Thursday, July 14, 2005

What are all these Mexicans doing here?

Watching a DVD of the new flick A Day Without a Mexican reminded me of a great line from the 3rd Firesign album, Don't Crush That Dwarf, Hand Me The Pliers. In the album, it's graduation day at Peorgie Tirebiter's Morse Science High. Upon arriving at school with his friend Mudhead, the boys discover their high school has dissappeared, and they are surrounded by people with Spanish accents, telling Peorgie, "You're a white man, you have to help us," as Mudhead says, "What are all these Mexicans doing here?"
The LA I grew up in, in the 50s and 60s had a few Mexican elements (Tacos were a favourite meal when I was in high school) but actual Mexicans were rare in my San Fernando Valley neighbourhood. Going back there recently, the schools I attended now seem to have all their signage in Spanish and the main language I hear in stores, hospitals and restaurants is Spanish. It's as if California has gone back to its former identity as part of Mexico. This is delightful. The Mexican food is MUCH better than it was 40 years ago, and I'd much rather look at Chicana women with their natural skin colour than Caucasian women with temporary tans. Maybe that's just me.
The reason I love Mudhead's line so much is that it duplicates my experience, moving to Japan in the summer of 1971. Suddenly surrounded by an alien culture and a variety of English that was utterly mysterious to me, I felt just like Mudhead surrounded by people who were alien and unexpected for his situation. This is not a cry of dismay. I'm sure Mudhead and Peorgie enjoyed the sudden company of Chicana beauties as much as I would have had they suddenly taken over my high school. There are multitudes of Firesign lines, not to mention lines from songs, flicks and popular culture in general that suddenly capsulize and anthemize a situation you find yourself in.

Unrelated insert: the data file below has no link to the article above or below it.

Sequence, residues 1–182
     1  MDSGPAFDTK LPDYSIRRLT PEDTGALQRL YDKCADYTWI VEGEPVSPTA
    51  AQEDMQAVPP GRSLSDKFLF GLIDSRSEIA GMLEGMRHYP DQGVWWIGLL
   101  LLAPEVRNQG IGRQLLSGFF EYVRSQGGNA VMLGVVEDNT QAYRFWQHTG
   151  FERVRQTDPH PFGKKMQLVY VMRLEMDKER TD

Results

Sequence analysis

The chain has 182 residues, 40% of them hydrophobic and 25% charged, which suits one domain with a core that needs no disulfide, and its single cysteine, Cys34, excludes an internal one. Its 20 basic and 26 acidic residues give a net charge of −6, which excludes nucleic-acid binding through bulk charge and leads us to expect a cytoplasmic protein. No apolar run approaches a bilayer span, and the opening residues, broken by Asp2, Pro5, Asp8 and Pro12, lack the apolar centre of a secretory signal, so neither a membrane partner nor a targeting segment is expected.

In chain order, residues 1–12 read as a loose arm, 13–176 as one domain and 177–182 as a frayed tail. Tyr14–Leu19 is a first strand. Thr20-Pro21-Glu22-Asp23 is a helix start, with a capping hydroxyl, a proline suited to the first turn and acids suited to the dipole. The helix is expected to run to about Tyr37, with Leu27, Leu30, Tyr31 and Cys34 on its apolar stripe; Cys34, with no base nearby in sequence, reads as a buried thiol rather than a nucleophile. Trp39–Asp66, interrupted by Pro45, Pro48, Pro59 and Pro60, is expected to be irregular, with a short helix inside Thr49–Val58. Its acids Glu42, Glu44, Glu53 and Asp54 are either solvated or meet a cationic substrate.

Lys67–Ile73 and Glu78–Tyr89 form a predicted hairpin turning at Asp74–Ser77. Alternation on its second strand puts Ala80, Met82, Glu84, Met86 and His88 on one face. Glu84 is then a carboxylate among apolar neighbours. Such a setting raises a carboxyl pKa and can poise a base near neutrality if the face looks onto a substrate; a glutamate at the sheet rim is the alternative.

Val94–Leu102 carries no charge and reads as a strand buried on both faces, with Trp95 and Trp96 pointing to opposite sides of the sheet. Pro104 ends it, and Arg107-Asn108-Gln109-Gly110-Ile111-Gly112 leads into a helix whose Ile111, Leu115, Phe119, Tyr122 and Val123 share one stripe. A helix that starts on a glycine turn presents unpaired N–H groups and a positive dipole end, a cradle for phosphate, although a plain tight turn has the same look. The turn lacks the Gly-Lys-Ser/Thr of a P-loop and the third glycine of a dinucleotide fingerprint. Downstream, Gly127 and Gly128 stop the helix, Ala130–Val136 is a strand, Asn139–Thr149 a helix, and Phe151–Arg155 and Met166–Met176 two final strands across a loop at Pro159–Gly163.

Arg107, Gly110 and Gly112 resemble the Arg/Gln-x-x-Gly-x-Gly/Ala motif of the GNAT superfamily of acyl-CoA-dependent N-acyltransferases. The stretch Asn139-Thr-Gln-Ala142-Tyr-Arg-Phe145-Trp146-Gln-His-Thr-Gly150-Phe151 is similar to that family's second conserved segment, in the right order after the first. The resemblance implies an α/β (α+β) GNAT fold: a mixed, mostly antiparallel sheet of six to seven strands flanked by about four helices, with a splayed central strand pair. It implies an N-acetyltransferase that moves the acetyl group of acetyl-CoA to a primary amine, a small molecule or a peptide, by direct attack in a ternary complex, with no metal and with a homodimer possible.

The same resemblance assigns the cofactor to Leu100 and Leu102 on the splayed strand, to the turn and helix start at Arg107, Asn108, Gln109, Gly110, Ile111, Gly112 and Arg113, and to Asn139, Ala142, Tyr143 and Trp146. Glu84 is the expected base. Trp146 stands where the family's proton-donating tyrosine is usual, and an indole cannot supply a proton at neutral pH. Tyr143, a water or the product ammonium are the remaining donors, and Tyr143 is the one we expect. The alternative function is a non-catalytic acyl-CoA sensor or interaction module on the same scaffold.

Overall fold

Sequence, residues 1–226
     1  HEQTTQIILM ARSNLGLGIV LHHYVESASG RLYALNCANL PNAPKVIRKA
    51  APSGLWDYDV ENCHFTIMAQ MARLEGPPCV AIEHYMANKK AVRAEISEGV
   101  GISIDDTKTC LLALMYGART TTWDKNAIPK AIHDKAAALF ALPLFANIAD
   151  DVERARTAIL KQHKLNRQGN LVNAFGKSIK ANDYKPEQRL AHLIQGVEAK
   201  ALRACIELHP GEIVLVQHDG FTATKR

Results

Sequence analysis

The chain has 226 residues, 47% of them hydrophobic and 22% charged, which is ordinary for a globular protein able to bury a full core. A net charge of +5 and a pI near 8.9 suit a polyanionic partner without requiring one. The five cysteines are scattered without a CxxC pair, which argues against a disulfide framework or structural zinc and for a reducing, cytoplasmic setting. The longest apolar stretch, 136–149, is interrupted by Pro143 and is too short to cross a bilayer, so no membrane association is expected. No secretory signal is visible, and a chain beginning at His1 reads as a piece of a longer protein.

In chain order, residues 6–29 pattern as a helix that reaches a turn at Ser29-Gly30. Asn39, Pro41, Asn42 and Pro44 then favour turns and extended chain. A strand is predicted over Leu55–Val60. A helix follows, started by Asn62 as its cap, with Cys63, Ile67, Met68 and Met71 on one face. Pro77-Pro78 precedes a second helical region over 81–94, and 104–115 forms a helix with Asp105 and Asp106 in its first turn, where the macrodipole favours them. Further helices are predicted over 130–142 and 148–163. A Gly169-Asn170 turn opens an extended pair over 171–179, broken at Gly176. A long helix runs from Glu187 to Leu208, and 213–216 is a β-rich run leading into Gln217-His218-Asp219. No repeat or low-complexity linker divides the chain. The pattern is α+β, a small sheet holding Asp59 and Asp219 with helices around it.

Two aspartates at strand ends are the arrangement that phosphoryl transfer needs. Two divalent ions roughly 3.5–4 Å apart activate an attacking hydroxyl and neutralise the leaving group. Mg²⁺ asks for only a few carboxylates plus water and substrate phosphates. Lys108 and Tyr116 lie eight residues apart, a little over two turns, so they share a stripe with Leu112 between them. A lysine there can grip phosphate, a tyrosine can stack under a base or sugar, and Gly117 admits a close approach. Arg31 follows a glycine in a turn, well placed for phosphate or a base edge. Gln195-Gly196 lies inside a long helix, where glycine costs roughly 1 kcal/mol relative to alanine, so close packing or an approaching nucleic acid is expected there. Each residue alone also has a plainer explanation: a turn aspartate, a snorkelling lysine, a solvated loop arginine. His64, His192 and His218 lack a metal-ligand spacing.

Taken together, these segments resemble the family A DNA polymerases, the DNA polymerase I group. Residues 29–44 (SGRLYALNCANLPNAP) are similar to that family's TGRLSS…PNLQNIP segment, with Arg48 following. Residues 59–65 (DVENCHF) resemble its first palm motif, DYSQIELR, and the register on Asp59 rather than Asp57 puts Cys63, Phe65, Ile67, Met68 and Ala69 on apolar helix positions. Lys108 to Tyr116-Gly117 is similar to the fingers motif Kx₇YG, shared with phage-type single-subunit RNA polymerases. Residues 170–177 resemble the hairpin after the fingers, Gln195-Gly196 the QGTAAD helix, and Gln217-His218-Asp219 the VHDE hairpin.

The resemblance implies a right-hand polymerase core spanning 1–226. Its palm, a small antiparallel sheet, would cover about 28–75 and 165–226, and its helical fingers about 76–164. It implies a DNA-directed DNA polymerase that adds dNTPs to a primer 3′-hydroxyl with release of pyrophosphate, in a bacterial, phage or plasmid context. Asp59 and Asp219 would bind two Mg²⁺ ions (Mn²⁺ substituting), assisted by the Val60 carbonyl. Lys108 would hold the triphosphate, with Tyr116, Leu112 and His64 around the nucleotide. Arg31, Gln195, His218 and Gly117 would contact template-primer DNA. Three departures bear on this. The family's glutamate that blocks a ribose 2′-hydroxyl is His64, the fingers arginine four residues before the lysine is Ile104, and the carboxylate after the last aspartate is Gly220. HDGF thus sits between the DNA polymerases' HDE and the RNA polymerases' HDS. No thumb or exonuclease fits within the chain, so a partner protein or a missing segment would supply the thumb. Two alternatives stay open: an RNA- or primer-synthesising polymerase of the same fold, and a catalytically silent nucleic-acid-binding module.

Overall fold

A Day Without A Mexican takes an ugly city (LA) and makes it visually interesting. The story is political science fiction very reminiscent of Firesign, although the writers probably had a list of all the things they wanted to cover in it and stuck to covering their list more than the story could comfortably sustain. It reminded me of the list Coppola made of all the facets of the Vietnam war he wanted to cover in Appocalypse Now. Occasionally the acting was painful to watch (the TV director) or just tedious (the border guards). Nonetheless, I enjoyed this flick as much as any I've seen for a couple of monthes (maybe a dozen). Unlike most flicks, it is about something Different (ala Being John Malcovitch) and Important (Michal Moore's docs). The glass slowly filling with water was a delight for this apprentice cinematographer. Maybe people who see it will vote differently, surely the intent of its creators. Sure beats the usual Hollywood agitprop glorifying the American military.


At 9:14 AM, Anonymous Anonymous said...

Hello, I am interested in hearing from others


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